Amelie said it all started in lockdown when she was bored and trying to figure out what to doCredit: Amelie Charlize
But with all the fame and fortune came a lot of hate.
At the start of my social media career my classmates weren’t positive whatsoever.
I had people making comments and taking the mick all the time.
I really didn’t enjoy school at all, my peers reacted how I expected them to and I think a lot of it stemmed from jealousy.
Now I’m in year 11 it’s got a lot easier, people put their head down and don’t really talk to me about social media.
Of course, being so well known online means it can be hard to know who to trust.
I have had to grow up a bit faster than others so I can see straight through the people who are just using me
There will be people who want to do a TikTok with me just to boost their views. It’s quite easy to suss out who is using me.
I’m lucky that I am able to rise above any trolls, but of course they leave comments about my makeup and my skin, they even call my videos cringe.
People only see the highs of anyone who does content creating it’s a misconception to think my life is perfect.
Everyone always calls me out when I say that I’ve had a bad day, they will say ‘how’s that possible you’re making money you get to film TikToks as your job’ but it can be really overwhelming at times as I have a lot of stuff going on.
I get that from my friends quite a lot but they don’t understand because they don’t live it. It can be hard to try to be perfect all the time.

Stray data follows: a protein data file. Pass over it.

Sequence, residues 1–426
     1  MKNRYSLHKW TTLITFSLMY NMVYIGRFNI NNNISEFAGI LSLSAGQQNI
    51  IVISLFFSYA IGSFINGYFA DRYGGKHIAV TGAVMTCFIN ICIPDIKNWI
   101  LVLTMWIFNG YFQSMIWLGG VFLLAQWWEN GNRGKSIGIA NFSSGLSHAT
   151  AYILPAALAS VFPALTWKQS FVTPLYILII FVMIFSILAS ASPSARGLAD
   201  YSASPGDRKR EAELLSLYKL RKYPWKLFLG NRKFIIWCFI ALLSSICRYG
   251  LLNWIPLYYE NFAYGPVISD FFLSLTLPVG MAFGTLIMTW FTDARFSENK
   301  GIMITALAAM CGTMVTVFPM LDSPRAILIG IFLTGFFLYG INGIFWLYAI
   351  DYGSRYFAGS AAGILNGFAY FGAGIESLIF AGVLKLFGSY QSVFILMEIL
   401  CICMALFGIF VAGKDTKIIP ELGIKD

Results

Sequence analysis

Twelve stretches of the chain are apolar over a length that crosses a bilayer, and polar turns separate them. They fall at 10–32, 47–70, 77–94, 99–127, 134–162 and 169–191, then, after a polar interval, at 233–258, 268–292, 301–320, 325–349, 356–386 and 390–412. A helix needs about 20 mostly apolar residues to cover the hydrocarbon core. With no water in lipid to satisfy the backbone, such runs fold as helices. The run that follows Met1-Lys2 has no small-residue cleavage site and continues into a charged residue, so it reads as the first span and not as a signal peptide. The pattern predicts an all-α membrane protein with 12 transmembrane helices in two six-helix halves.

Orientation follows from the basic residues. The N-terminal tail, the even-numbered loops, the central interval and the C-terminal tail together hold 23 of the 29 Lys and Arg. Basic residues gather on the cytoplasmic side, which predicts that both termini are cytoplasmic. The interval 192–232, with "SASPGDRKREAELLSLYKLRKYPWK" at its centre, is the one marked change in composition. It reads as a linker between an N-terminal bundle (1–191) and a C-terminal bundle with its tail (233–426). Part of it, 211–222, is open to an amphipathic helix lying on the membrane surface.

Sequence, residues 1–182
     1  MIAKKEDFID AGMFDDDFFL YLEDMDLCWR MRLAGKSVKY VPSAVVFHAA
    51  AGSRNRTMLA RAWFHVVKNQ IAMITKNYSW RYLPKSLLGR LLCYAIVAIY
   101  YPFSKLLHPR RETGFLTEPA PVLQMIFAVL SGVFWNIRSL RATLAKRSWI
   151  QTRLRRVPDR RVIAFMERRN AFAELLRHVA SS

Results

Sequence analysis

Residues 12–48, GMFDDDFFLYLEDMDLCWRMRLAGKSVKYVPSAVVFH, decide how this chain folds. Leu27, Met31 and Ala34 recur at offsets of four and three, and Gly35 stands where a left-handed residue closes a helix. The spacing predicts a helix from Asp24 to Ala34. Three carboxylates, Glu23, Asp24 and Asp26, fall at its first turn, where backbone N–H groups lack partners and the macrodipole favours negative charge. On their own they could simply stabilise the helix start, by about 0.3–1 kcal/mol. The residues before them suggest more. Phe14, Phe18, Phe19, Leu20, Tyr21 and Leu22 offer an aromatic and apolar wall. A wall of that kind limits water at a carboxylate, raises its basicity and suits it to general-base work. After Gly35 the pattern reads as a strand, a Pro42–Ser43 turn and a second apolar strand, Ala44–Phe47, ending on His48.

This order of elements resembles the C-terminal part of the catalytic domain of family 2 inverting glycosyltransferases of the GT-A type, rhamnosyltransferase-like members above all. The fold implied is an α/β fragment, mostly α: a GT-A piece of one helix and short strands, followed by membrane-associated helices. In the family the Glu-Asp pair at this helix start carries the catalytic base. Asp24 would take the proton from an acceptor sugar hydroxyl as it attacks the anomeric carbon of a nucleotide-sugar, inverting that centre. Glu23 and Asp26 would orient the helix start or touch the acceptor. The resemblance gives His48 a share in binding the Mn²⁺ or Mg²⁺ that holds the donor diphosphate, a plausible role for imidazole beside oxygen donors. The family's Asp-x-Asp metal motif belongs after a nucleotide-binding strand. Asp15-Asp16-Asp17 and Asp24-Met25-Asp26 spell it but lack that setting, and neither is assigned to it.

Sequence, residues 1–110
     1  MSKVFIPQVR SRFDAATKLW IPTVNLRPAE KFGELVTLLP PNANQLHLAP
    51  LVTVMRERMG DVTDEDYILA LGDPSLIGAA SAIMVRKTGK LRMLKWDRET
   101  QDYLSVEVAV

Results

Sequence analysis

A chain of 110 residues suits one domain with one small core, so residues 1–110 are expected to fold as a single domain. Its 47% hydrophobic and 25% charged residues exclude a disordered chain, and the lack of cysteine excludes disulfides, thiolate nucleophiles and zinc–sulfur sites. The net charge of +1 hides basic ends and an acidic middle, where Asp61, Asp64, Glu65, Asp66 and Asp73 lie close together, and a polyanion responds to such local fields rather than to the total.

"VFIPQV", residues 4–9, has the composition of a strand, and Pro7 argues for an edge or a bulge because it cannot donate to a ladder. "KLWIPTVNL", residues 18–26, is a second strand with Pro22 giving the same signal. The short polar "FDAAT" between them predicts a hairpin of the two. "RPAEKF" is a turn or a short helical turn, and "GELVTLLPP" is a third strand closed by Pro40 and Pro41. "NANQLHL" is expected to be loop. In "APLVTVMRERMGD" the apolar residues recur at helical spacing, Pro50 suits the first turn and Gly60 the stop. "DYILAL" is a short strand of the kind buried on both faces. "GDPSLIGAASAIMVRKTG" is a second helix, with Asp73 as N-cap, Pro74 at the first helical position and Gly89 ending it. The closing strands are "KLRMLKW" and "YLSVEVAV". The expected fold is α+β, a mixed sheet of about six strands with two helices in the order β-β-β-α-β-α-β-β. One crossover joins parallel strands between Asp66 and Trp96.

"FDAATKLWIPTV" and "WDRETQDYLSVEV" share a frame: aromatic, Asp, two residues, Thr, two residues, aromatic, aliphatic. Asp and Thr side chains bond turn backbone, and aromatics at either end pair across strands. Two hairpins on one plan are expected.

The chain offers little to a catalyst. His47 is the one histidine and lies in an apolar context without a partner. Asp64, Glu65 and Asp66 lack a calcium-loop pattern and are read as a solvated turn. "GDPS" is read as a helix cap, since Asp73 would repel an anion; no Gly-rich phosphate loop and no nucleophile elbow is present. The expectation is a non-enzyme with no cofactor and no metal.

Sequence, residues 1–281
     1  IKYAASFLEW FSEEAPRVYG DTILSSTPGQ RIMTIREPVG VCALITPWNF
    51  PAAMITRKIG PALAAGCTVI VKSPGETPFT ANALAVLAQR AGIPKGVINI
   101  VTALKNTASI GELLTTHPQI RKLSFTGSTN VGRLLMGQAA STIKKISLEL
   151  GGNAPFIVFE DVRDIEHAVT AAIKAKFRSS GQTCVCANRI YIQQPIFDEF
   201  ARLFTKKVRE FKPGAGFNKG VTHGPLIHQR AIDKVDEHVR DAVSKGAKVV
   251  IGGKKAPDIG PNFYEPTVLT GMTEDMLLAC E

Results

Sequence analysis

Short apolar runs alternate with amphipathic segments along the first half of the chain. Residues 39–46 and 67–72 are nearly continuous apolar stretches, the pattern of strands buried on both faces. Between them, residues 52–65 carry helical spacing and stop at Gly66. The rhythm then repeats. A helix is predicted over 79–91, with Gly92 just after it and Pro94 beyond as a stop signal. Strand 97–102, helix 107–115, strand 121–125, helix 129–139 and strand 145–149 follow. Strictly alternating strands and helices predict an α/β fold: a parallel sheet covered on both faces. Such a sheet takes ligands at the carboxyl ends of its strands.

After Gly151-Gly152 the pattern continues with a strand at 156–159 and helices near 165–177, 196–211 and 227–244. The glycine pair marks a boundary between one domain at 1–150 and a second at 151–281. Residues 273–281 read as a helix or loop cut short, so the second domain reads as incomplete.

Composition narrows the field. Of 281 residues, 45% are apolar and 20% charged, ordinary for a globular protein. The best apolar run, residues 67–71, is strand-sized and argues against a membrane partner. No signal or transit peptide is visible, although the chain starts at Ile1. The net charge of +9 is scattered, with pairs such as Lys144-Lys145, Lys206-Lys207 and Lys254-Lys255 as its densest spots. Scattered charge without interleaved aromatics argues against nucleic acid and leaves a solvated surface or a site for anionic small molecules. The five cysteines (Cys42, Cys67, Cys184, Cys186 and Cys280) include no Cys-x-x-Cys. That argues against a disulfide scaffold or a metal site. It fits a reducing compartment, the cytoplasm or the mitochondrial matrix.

People forget that behind social media there is a person there.
I am so into retail therapy, I am a shopaholic, I don’t stop.”
Although there have been a lot of changes in my life, my day to day is pretty much like anyone else’s particularly as school gets in the way for six hours of my day!
I have to work around my studying.
I’m very disorganised so it can get to 10pm at night and I will have school in the morning but I will be dealing with my content then.
But while my life is pretty hectic I manage to find time for myself too.
I am so into retail therapy, I am a shopaholic, I don’t stop, if I’ve had a bad day I am forever online shopping.
When feeling low, the teenager will spend her time shoppingCredit: Amelie Charlize
I love heading into London for meals out with friends – I love hanging around Selfridges and acting boujee but ultimately my favourite restaurant is Nando’s, some things never change!
I’m so grateful for everything I have and I know that my life is very different to a lot of teen’s but I do think that anyone can achieve what I have.
Everyone has something about them, anyone can make a TikTok but you have to have the mentality to do it no matter what you’ve got going on.
Be yourself and be consistent online – fame isn’t going to come overnight, I used to watch videos on how to grow my channel but that’s not how it works, it’s something you have to keep pushing at, and if you do anyone can be like me.
Fabulous series Bling Kids explores what life is like for those teenagers already racking in thousandsCredit: The SUn